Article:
Wednesday, December 16, 2009

Reform metaphors

On vacation this week but still blogging occasionally

Lying on a beach somewhere, thinking of course about metaphors for school reform. Doesn't everyone?

Bush used the best one, No Child Left Behind, coopting the Children's Defense Fund slogan of Leave No Child Behind, and turning it into its opposite with a near decade of punitive testing madness. Now Arne Duncan comes along with a far worse Race to the Top metaphor--the very opposite of leaving no child behind. A race metaphor, after all, clearly envisions (necessitates) educational winners and losers.

It's like Duncan's people met one day and said, let's continue NCLB only without all that nonsense about not leaving kids behind. Here's Diane Ravitch at her best, dropping the hammer on what she calls the Race to Nowhere:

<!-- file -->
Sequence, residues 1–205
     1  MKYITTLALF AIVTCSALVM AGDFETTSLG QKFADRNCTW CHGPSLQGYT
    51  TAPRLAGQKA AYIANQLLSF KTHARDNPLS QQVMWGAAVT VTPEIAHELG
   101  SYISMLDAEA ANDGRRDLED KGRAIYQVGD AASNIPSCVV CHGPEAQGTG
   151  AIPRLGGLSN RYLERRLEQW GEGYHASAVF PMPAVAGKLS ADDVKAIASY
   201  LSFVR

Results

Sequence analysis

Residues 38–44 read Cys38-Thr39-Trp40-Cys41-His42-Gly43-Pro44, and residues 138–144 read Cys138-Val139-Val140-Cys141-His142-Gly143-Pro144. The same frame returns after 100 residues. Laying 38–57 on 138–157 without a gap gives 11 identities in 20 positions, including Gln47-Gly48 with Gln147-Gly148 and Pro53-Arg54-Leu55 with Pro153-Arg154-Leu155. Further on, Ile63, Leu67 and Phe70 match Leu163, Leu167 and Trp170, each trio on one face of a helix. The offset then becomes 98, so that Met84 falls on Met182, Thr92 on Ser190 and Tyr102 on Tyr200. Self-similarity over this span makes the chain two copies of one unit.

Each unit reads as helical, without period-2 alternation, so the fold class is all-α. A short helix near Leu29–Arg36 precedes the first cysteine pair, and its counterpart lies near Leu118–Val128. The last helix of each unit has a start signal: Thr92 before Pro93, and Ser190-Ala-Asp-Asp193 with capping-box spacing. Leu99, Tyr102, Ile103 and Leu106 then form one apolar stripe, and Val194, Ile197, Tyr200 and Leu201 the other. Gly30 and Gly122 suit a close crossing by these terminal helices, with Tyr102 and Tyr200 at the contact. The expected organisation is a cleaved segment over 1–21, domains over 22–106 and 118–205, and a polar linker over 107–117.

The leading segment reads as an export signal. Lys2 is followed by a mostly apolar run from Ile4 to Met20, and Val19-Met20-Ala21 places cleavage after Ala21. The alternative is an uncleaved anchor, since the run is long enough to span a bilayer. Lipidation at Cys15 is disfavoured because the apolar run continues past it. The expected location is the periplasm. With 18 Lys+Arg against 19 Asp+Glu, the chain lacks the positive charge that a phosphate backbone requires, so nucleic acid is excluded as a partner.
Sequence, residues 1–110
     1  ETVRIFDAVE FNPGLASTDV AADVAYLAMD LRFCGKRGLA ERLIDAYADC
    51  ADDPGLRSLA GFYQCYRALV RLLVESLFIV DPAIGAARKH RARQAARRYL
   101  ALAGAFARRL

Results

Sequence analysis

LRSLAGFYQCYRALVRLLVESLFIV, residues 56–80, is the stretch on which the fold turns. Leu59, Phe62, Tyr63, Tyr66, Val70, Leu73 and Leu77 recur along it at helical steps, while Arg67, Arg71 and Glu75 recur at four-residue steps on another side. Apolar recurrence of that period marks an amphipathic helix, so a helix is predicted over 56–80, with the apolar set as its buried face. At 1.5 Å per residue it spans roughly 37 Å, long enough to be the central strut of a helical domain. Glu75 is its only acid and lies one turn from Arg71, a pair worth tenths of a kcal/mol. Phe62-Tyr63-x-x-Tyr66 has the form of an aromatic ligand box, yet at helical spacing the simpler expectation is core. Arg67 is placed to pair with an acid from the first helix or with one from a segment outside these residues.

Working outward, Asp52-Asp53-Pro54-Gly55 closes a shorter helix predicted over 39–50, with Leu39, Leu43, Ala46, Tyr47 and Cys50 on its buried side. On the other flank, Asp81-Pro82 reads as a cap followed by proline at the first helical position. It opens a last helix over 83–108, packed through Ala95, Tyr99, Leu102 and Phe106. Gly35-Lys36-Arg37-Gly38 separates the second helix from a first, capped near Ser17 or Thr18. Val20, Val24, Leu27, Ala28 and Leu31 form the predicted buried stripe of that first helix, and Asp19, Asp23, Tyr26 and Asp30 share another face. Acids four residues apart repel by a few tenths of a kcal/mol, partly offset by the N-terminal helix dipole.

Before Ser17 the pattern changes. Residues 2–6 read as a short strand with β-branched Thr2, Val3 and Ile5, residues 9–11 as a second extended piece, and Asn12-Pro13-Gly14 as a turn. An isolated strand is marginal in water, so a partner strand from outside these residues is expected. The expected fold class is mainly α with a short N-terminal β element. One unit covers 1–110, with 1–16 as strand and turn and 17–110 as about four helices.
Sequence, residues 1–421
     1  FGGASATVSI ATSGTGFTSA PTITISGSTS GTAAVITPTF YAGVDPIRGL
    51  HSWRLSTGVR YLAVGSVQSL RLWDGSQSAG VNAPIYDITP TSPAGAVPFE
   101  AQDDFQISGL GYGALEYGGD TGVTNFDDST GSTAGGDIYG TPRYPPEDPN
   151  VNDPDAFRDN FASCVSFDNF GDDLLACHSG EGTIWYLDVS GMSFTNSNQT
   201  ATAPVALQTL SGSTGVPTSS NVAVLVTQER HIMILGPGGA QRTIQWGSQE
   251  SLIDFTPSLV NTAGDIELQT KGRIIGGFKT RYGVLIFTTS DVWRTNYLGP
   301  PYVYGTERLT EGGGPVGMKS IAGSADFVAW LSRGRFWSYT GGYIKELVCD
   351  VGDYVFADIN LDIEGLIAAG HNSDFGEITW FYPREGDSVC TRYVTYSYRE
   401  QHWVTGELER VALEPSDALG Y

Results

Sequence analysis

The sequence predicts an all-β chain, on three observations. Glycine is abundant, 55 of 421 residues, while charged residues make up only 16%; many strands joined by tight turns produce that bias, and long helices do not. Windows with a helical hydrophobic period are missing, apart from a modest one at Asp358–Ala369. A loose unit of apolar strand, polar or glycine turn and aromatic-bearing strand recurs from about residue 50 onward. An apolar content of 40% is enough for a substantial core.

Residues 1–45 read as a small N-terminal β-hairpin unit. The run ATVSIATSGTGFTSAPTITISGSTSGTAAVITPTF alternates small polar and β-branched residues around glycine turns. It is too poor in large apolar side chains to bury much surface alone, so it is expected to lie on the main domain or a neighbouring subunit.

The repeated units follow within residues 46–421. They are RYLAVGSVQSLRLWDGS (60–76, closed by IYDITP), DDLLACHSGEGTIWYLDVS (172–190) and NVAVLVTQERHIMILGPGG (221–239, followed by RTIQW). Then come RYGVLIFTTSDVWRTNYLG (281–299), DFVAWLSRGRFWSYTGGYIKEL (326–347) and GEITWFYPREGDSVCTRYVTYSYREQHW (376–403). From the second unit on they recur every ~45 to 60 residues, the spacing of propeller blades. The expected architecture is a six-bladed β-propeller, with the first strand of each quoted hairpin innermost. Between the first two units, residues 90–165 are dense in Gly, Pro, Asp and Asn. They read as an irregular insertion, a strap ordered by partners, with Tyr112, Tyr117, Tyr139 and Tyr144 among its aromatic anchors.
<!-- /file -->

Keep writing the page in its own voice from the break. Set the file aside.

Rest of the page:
Public hearings are pro forma; no decision is ever reversed. Parents and teachers may protest 'til the cows come home, and they can't change a thing. Their school will be closed, the low-performing students will be dispersed, and either new small schools or charter schools will take over their building. Some of the schools that will close are, funnily enough, small schools that were opened by Bloomberg and Klein only a few years ago. Does anyone believe that this sorry game of musical chairs will improve education? Does anyone in Washington or at central headquarters grasp the pointlessness of the disruption needlessly inflicted on students, families, teachers, principals, and communities in the name of "reform"? Do these people have no shame?

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